Jesus Overcomes Temptation

Reading: Matthew 4:1-11

“A Bible-Riddle” was written by Howard J. Chidley and published in Fifty-Two Story Talks for Boys and Girls in 1914. The book is now out of print but can be read freely online.

A BIBLE-RIDDLE

Boys and girls are all fond of riddles, and I am sure you will be surprised to know that there is one of the best riddles of all in the Bible, one that is very hard to guess, and yet one that has a fine lesson in it when I tell you the answer.

This riddle was told by Samson on his wedding-day, and nobody would ever have guessed it if his wife had not let the secret out.

But first I must tell where Samson got his riddle. Well, one day with his father and mother he was walking down the road to the land where the Philistines lived. And according to the story, a young lion rushed out at him from behind some bushes, and Samson, being a very strong man, broke its jaws and killed it, and left its carcass behind some bushes by the roadside.

Some time afterward he was going down that road again, and he turned aside to see what had become of the carcass. And what do you think he found there? This: a swarm of wild bees had made their nest in that carcass. Now, Samson was fond of honey, and he took the comb of honey with him and ate it as he walked along the road. And as he walked he made up this riddle: “Out of the eater came forth meat, and out of the strong came forth sweetness.” That means that out of this lion which would have eaten him up he got something to eat, and out of this strong beast he got something sweet.

I suppose you will wonder what sort of lesson for boys and girls anyone can draw from that. You say you will never meet a lion on the roadside.

I am not so sure of that. I think boys and girls meet things every day that are very much like lions. Of course, in these days we call them temptations. But, then, they jump out at you very suddenly and unexpectedly sometimes. And they would devour your souls just as this lion would have eaten up Samson had he not killed it. And when you kill a temptation by not giving way to it you can make a riddle just like Samson, and you can say, too, “Out of the eater came forth meat, and out of the strong came forth sweetness.” For just like Samson, every time you come to the place where you have overcome a temptation,–it may be to say unkind things, or to be quick-tempered, or to be hateful,–you will find that you will be stronger to overcome it next time. And the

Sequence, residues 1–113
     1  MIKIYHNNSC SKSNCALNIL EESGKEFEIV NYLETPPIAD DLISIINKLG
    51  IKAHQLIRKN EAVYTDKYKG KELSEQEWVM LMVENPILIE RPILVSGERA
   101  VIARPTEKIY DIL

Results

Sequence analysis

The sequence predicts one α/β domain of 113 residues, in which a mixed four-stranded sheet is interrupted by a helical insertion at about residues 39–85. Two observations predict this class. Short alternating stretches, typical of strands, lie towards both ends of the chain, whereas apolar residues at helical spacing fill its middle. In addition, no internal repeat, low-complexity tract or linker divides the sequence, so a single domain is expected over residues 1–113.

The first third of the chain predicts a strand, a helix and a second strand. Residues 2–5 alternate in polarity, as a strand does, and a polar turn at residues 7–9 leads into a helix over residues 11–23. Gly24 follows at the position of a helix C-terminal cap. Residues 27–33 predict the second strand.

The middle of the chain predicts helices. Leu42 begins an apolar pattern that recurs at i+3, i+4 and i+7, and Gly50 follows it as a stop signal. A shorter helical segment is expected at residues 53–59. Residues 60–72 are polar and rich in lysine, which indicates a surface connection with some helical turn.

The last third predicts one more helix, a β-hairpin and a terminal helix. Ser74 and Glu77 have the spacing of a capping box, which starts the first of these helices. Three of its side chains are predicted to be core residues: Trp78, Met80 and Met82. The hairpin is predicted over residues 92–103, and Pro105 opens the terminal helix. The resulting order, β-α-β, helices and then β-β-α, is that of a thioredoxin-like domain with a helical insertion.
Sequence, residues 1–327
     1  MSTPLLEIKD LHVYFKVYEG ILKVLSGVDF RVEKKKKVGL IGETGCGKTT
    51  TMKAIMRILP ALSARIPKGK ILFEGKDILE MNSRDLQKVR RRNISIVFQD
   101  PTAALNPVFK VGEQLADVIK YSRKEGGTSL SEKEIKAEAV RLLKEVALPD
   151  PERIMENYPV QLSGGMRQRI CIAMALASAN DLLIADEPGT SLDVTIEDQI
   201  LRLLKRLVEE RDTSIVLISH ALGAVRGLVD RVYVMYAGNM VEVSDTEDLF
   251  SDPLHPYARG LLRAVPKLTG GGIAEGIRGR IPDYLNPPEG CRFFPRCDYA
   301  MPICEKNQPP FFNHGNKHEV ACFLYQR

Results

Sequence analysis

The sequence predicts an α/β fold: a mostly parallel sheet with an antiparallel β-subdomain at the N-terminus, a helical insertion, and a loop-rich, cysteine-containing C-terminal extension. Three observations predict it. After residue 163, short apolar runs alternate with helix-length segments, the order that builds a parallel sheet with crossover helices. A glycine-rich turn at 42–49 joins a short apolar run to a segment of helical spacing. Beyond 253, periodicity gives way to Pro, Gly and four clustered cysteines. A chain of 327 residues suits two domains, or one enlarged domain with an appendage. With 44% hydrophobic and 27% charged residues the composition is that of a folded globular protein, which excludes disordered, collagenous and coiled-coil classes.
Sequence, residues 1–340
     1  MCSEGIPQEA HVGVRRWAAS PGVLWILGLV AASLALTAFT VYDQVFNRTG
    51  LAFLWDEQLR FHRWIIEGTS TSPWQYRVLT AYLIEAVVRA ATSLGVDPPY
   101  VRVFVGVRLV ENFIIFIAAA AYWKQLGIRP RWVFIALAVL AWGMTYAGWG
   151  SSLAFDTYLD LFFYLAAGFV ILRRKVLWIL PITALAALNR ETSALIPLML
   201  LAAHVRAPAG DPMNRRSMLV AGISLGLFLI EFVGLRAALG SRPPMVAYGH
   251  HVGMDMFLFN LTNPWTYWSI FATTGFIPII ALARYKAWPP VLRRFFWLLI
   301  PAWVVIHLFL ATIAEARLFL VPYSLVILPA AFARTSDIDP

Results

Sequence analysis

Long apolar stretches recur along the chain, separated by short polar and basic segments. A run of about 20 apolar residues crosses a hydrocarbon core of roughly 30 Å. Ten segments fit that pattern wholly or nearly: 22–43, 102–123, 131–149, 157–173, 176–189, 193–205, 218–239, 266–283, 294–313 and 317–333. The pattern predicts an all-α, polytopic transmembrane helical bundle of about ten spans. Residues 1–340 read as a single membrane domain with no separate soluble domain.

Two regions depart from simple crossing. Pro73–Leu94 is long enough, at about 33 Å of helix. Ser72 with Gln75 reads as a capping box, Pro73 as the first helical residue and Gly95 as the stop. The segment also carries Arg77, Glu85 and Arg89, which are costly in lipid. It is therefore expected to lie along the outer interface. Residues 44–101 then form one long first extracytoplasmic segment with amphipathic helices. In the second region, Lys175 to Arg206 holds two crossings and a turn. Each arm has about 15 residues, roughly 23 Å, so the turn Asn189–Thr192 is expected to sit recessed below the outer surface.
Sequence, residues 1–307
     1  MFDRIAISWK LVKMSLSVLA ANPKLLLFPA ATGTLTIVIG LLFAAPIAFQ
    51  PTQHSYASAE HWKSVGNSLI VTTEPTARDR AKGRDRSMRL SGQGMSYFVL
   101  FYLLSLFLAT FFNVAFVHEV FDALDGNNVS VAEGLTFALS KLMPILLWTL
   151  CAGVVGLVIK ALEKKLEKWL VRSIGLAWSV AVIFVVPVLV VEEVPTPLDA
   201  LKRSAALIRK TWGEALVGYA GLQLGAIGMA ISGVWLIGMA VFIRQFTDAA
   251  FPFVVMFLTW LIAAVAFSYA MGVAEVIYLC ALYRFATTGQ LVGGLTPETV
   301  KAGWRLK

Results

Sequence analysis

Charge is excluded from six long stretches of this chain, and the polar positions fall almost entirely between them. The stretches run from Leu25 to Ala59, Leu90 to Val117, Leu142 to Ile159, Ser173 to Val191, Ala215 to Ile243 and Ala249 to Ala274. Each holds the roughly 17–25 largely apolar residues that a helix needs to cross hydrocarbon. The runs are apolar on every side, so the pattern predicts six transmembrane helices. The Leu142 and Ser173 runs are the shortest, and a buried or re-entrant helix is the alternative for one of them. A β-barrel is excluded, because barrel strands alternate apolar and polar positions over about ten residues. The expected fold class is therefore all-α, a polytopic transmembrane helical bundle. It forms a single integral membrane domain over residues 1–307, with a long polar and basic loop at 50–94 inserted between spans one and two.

remembrance of how you were able to overcome your feelings will be sweet, just as that honey was to Samson. God says that if we trust Him, “the young lion shall ye trample under foot.”

For Further Study

  • How did Jesus overcome temptation? He overcame it by knowing God’s Word. How well do you know God’s Word? You have memorized a lot of Scripture this year already. Can you remember most of them? What about Bible stories that help you feel more hopeful and courageous? List these words on a piece of paper (or your journal, if you have one): anger, sadness, worry, loneliness, jealousy, fear. What memory verses would you use to combat temptation when you feel these things? List them next to each word.

  • Sometimes it’s hard to feel sympathetic about other people’s sins. We may think, “Well, that would never happen to me,” or, “I would never be that weak.” But we can see from today’s lesson that Jesus didn’t feel that way. He did not take temptation lightly, and He fought the devil as soon as he knocked on His door. Can you think of someone who is fighting temptation? What about young people at church, or young parents, or older people with illnesses? Can you be more sympathetic and prayerful for them? Can you help and encourage them in some way?
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